Quantcast Chapter 2. Developing A Metering Program

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Section 1.
1.  METER SELECTION.  Selection of metering equipment consists of much more
than purchasing a meter compatible with the system to be metered.  Selection
of metering equipment for electricity is greatly simplified as the operating
principles of electrical metering devices exhibit little variation compared to
fluid metering equipment.  Purchasing electric metering equipment basically
requires an identification of measurements to be made, the parameters of the
system, a decision on remote metering, and selection of a meter that fulfills
these requirements.  Metering of fluid systems requires additional effort.
Figure 2-1 is an example of the system information necessary to optimize a
fluid type meter selection.  Figure 2-1 used in conjunction with Table 2-1 is
an example of an iterative process for proper meter selection.  Another
selection method recommends the factors shown in Figure 2-2.  Whatever
criteria selected, they must be tailored to the specific installation to
ensure that any problems are fully highlighted in the process. The
individuals involved in the selection process must be knowledgeable of the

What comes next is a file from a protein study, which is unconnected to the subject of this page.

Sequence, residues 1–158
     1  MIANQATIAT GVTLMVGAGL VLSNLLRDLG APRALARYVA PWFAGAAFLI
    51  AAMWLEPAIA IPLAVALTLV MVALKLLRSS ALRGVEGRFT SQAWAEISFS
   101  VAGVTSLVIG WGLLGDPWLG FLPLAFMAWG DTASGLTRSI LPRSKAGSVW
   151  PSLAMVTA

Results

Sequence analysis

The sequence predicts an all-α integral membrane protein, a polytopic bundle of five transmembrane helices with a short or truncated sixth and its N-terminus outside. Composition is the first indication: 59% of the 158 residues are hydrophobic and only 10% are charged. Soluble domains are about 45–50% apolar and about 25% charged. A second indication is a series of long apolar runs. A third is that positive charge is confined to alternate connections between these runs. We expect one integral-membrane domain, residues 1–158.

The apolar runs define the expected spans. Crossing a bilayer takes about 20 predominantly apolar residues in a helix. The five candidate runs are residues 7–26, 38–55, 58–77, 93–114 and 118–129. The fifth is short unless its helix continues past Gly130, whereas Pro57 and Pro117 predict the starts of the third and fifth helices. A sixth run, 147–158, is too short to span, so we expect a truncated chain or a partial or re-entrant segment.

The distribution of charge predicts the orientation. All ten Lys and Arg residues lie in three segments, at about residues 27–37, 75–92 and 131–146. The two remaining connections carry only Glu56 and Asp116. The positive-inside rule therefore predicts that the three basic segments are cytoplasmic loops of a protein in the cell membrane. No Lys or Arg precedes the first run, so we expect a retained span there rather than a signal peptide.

sources to be monitored, the information required, and the capability of the
meters being evaluated.  Another major consideration is the purpose of the
meter:  control or accountability.  Once the information contained in figures
2-1, 2-2, or other criteria is available, a tentative meter(s) selection can
be made.  At this point , manufacturers of this type meter should be
consulted.  Although most manufacturers provide extensive cooperation, their
claims should be thoroughly evaluated to insure that a particular choice is
optimum for the intended application.
1.1 Permanent and Portable Meters.  In establishing an energy management
program, the use of permanent or portable meters shall be evaluated. Meter
locations must be evaluated individually to ensure accounting for all factors
pertinent to meter installation and maintenance.
1.1.1 Fluid Meters. Intrusive flowmeters, particularly differential pressure
and positive displacement types, always have some degree of pressure loss
associated with their operation.  Consequently, if continuous data recording
is not required, portable insertion meters may be used for temporary
metering. If continuous metered data is required, but pressure losses are a
concern, non-intrusive meters should be considered, despite their greater
initial costs. Because most permanent meters are pipe size specific, costs
increase in proportion to pipe size.  Insertion meters do not generally
increase in price as pipe size increases, and are generally more economical
for larger pipe sizes.  Figure 2-3 shows a cost comparison of a permanently
installed orifice plate meter versus an insertion type meter. Typically, the
cost advantage crossover occurs between the 6- to 8-inch pipe size.
1.1.2 Electric Meters.  The usual distinction between panel (permanent) and
portable electric meters is whether they are fastened securely to the facility
or capable of being hand carried.  Most electric meters are made in both


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